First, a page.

I’ve been thinking about the value of coaches lately, in part because the Cardinals only had to shell out $750,000 per season to make Dave Duncan the highest-paid pitching coach in baseball and in part because the Phillies let first base coach Davey Lopes go over failed contract talks that probably involved a difference of $100,000 or less.
If someone like Duncan who’s considered one of the best pitching coaches in baseball history is only worth $750,000 per season and someone like Lopes who’s been praised constantly for his huge impact on the Phillies’ historically great stolen base numbers leaves over an extra $100,000 … well, do teams really value coaches very much?
After all, the average utility infielder makes more per season than both Duncan and Lopes combined.
It’s a tough question to answer, largely because it’s tough to evaluate coaches in anything resembling the way we evaluate players. There are enough statistics and metrics and tools for me to opine with a decent level of confidence that, say, Albert Pujols is usually worth about 85 runs per season above a replacement-level first baseman. But how much is Lopez worth above a replacement-level first base coach?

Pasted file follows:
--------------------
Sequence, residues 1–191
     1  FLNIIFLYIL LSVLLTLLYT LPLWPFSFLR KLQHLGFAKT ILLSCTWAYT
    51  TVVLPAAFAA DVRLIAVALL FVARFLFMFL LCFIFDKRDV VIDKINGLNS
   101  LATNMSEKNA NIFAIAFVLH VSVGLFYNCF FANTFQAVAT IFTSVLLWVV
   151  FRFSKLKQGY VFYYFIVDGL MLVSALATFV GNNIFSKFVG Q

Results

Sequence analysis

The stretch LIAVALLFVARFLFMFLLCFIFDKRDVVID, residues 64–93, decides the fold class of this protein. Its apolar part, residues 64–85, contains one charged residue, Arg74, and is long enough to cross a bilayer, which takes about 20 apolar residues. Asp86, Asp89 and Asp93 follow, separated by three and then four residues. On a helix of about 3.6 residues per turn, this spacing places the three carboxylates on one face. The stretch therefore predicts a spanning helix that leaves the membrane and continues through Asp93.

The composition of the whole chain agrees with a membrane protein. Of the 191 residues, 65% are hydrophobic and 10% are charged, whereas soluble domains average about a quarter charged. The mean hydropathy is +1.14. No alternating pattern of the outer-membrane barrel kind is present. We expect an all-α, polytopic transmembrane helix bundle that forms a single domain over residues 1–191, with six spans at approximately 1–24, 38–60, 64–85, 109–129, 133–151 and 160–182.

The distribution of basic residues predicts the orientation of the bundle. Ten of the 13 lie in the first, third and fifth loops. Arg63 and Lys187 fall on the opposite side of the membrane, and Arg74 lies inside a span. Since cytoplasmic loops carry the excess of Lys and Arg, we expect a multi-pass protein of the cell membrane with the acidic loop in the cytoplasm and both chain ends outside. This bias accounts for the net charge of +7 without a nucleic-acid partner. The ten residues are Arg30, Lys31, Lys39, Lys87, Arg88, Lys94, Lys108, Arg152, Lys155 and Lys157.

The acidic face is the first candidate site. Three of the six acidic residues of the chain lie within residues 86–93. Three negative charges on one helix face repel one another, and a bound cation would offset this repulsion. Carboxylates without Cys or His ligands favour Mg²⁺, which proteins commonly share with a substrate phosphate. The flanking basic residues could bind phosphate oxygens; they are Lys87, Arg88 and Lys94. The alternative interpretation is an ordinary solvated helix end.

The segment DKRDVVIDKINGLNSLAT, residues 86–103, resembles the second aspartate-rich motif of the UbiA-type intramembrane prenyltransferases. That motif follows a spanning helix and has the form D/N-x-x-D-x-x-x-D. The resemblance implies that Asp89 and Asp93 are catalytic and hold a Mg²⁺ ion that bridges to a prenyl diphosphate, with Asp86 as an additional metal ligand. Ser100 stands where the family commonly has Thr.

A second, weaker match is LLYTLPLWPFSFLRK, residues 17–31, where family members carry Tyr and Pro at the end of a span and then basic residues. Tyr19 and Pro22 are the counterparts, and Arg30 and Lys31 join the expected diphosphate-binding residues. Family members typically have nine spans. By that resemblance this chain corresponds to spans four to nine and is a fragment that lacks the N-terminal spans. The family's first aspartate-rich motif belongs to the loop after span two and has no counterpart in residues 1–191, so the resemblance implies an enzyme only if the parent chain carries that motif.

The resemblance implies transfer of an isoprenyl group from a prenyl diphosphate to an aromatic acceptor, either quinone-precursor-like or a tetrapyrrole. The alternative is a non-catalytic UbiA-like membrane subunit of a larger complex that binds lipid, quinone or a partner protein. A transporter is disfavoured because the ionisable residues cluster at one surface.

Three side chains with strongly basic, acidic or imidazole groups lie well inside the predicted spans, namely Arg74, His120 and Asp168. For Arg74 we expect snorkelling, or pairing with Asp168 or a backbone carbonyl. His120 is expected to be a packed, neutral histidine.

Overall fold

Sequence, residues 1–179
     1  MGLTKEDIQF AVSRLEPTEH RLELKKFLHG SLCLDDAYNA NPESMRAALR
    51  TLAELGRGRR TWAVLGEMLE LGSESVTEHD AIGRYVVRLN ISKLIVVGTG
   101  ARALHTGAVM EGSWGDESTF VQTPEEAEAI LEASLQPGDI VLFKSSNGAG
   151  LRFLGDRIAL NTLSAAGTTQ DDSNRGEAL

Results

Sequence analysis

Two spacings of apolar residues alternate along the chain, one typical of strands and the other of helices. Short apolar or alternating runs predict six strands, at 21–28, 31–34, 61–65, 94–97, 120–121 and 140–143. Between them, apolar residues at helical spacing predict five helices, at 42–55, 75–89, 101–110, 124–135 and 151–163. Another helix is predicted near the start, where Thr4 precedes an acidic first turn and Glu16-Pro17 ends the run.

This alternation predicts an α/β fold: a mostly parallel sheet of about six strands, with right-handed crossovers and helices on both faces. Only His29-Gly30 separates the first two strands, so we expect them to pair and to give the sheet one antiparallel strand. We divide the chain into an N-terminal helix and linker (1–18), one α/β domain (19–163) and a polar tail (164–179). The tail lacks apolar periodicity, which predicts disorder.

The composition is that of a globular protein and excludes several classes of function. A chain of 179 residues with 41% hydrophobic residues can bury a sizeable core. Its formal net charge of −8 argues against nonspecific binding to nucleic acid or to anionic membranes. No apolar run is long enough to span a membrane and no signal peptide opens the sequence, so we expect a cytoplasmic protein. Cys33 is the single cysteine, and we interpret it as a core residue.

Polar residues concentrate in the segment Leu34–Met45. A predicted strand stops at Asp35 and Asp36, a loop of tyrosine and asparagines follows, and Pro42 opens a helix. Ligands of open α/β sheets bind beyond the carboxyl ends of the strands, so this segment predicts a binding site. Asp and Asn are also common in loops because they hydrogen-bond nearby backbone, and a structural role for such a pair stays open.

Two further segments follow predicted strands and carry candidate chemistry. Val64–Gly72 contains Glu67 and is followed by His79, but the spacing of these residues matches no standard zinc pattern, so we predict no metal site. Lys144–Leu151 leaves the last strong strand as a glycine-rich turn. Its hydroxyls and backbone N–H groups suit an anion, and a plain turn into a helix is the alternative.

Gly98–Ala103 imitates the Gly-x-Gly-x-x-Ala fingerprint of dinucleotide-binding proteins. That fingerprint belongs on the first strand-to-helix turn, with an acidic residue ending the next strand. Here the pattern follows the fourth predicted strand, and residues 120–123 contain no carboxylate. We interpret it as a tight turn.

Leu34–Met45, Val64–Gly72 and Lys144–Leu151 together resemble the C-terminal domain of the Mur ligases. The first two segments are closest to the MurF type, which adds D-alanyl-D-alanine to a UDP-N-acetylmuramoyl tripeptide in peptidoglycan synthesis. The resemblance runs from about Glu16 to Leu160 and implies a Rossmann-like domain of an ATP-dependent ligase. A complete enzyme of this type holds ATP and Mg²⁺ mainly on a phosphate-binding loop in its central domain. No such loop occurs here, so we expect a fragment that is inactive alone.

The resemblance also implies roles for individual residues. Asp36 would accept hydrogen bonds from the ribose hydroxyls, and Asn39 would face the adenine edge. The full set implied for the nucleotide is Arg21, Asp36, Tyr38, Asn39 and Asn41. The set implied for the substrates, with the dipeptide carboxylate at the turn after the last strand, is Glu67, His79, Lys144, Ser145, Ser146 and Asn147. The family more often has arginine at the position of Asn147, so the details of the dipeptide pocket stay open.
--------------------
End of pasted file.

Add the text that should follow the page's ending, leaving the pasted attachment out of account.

I have no idea, but Bill Baer of Crashburn Alley crunched some numbers in an effort to find out and what he found is pretty interesting. I won’t spoil the conclusion because you really should read the whole article, but I will say that like me he agrees the Phillies letting Lopes go over $100,000 would be a mistake. And unlike me he has actual data to support that opinion. Check out Baer’s analysis and also read the comments section for an interesting look at the value of top-notch coaches.